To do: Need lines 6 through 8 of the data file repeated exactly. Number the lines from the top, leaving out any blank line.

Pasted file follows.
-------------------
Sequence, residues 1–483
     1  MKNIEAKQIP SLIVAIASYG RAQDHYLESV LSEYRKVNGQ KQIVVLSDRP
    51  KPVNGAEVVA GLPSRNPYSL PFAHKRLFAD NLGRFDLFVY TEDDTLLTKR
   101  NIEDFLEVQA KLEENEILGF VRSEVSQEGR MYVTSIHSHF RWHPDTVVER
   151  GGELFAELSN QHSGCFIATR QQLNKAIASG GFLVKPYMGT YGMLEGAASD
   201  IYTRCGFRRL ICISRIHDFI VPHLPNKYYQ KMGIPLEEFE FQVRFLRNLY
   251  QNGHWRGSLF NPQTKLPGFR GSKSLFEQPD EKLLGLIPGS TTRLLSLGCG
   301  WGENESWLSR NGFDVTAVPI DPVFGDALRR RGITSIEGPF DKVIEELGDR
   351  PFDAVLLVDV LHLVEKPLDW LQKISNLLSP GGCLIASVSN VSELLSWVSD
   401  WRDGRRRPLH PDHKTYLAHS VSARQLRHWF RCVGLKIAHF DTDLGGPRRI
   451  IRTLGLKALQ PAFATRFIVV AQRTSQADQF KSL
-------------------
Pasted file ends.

   201  IYTRCGFRRL ICISRIHDFI VPHLPNKYYQ KMGIPLEEFE FQVRFLRNLY
   251  QNGHWRGSLF NPQTKLPGFR GSKSLFEQPD EKLLGLIPGS TTRLLSLGCG
   301  WGENESWLSR NGFDVTAVPI DPVFGDALRR RGITSIEGPF DKVIEELGDR